Based on the public schedules of many of Hollywood's more politically active Democrats, there may be a shortage of major actors and musicians during the Democratic National Convention in Charlotte next week. There are several reasons but one could have something to do with the location of this year's convention.
Four years ago when the Democratic convention was held in Denver and when Barack Obama was a young, rising star who had just secured the party's primary with a hard-fought victory over Hillary Clinton, there was no shortage of celebrities eager to flock around the young senator from Illinois whose promise of "hope and change" was motivating a throng of young voters nationwide.
Now many of those celebrities – especially many of the larger musical acts – who could not wait to see and be seen in Denver, will bypass Charlotte in favor of the more glitzy MTV awards show in Los Angeles.
The annual Video Music awards show will be on Thursday, Sept. 6, the same evening President Obama is scheduled to give his acceptance speech at the convention.
"Charlotte is not Denver," The Hollywood Reporter reported one Democratic activist of the 2008 host city said. "My guess is it might not be the star fest that it once was, but it will still command some star power."
Another timing issue that may be playing a role in the lack of A-list musicians is that many of them will just be coming off of their summer tours and are looking forward to much needed rest and not another two to three days of hobnobbing with politicos.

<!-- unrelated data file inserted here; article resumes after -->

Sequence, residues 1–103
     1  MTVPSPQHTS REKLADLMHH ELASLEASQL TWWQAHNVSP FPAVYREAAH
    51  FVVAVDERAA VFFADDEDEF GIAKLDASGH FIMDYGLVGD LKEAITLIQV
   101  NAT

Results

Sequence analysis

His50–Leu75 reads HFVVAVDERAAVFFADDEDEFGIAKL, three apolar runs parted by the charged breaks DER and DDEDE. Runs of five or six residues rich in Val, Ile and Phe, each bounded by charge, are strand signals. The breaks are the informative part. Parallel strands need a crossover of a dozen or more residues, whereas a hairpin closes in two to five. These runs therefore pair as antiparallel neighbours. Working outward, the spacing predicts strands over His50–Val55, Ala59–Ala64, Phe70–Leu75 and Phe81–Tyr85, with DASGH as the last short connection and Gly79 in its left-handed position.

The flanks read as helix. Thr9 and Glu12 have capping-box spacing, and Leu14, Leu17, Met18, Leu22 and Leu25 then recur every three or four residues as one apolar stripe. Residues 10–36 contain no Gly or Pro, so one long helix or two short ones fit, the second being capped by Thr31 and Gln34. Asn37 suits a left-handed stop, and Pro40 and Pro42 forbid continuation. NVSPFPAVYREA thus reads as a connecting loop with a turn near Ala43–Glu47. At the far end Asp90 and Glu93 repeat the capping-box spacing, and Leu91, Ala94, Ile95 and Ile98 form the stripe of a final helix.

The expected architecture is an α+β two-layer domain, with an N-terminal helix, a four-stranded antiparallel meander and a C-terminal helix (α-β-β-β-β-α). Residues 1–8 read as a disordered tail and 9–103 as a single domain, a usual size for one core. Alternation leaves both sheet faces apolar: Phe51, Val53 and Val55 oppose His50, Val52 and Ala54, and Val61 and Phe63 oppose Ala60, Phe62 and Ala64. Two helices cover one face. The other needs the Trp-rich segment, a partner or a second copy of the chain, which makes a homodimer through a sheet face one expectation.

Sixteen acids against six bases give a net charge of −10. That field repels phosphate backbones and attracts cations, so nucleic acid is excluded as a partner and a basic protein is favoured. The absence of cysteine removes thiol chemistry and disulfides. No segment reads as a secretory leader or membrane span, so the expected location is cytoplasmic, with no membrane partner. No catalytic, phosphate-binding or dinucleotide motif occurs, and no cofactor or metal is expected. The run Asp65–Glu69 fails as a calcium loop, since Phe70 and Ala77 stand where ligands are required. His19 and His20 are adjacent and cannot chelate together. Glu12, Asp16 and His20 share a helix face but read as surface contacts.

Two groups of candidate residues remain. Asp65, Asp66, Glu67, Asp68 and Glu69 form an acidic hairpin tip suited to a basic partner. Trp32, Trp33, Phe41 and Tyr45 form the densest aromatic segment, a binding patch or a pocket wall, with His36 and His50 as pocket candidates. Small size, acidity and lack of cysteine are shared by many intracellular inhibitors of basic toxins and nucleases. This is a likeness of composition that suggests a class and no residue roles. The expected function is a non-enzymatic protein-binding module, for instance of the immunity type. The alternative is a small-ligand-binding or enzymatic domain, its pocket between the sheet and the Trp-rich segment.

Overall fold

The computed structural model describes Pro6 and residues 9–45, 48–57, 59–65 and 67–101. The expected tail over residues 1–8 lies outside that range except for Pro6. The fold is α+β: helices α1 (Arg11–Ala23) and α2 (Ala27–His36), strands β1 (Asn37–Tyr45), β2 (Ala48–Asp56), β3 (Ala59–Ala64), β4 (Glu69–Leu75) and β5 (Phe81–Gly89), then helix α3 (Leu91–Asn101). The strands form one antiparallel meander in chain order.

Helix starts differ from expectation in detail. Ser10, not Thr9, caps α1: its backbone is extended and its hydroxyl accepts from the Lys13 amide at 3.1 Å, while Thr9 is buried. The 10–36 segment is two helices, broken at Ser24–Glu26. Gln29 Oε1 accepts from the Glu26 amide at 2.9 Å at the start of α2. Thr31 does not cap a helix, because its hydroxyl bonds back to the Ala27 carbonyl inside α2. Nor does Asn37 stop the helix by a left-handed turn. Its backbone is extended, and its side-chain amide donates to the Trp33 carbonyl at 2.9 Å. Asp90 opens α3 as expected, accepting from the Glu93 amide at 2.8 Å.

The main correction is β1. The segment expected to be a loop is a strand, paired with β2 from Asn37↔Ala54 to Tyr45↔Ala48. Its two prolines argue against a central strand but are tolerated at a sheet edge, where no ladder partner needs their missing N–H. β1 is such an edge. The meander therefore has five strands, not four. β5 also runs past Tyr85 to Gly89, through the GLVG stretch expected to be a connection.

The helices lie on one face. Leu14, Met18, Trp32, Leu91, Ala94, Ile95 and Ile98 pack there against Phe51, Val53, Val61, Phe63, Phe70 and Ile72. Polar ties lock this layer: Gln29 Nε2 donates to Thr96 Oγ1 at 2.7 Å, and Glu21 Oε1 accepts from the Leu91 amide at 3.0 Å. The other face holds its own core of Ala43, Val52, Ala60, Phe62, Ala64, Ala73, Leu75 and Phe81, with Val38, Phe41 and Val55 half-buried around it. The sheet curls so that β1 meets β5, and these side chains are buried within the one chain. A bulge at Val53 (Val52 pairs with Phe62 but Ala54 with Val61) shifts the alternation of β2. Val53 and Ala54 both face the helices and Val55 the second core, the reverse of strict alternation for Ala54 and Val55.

Still, others admit there is some lack of enthusiasm for Obama compared to four years ago.
Matt Damon, an A-list actor who attended the convention in Denver, has expressed some disappointment over the president's performance last month but still said Obama was the "clear choice" in this year's election.
But absent the "hope and change" theme from 2008, this year Democrats are hoping to draw a distinction between Obama and his GOP opponent, Mitt Romney over such hot-button issues as marriage, abortion and contraception, just to name a few.
"This is a campaign based on raising questions about the other candidate," Democratic consultant Chris Lehane told The Associated Press. "It's a whole different narrative this time."
Celebrities will still be performing at both the Republican and Democratic conventions. Acts such as Lynyrd Skynyrd, Trace Atkins and The Oak Ridge Boys will be in Tampa. James Taylor will be performing for the Democrats on the final night in Charlotte.